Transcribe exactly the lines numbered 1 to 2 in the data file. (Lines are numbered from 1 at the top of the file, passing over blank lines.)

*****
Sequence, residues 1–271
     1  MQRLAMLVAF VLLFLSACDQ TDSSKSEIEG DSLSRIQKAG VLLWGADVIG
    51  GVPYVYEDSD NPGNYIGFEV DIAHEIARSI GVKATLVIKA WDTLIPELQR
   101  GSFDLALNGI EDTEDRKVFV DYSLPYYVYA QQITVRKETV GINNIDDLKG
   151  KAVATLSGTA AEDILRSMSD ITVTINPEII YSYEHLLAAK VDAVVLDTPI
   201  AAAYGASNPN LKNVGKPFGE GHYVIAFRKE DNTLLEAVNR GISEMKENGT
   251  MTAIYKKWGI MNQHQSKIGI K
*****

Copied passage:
Sequence, residues 1–271
     1  MQRLAMLVAF VLLFLSACDQ TDSSKSEIEG DSLSRIQKAG VLLWGADVIG